has never been comfortable in a crowd. So when a steady stream of well-wishers stopped by the American Idol
winner's booth at the Katy Café in her hometown of Checotah, Okla., "it kind of weirded me out," she says. On her recent two-day trip back home, "people I've known my whole life asked for my autograph. I'm like, that's silly! Why do you want my name on a piece of paper?" Not that she's anything but gracious and polite to the residents of Checotah (pop. 3,481). They "are very proud," she says, "to see someone from here succeed in a big way."
Big is right: In June the fourth Idol
champ made her debut at No. 1 on Billboard's Hot 100 chart with the song she performed on the Idol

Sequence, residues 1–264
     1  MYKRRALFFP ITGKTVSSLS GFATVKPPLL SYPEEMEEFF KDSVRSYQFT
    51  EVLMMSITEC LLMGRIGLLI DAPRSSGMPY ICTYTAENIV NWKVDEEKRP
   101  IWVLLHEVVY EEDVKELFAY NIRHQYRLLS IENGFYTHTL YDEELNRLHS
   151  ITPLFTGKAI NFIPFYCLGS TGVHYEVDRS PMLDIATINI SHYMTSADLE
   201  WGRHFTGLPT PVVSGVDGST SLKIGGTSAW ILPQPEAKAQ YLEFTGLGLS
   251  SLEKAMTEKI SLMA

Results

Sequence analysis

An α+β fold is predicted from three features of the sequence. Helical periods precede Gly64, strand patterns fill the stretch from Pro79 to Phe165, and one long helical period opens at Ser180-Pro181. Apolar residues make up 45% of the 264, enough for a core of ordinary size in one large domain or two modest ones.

finale, "Inside Your Heaven." And on Nov. 15 her first album, Some Hearts, hits store shelves. "I want to go buy it!" says the 22-year-old singer, still amazed at how far she has come.
Growing up on a farm on the outskirts of the one stoplight town, where the local beauty shop is housed inside the hardware store, "I always felt like I wanted to move on, go someplace big," says Underwood. Crossing the country on the American Idol
tour this summer and spending four months in Nashville (where she lives when she's not on the road) recording the album "made me realize how much I missed it. I miss the laid-backness of it. You pretty much know everybody." She does want to set some things straight about her upbringing. "Everybody thinks, 'Oh, they have crops and they milk the cows and they have pigs,' " she says. "No, there are no crops, just cows. They're envisioning me waking up at the crack of dawn, going outside to do I don't know what."
Misconceptions and all, Underwood—who says she's single but "never not looking"—credits her Idol
victory to her Checotah roots. "I think it came down to all the people who live in towns like mine," she says, "or who think it might be nice to."
Mike Lipton. Darla Atlas in Checotah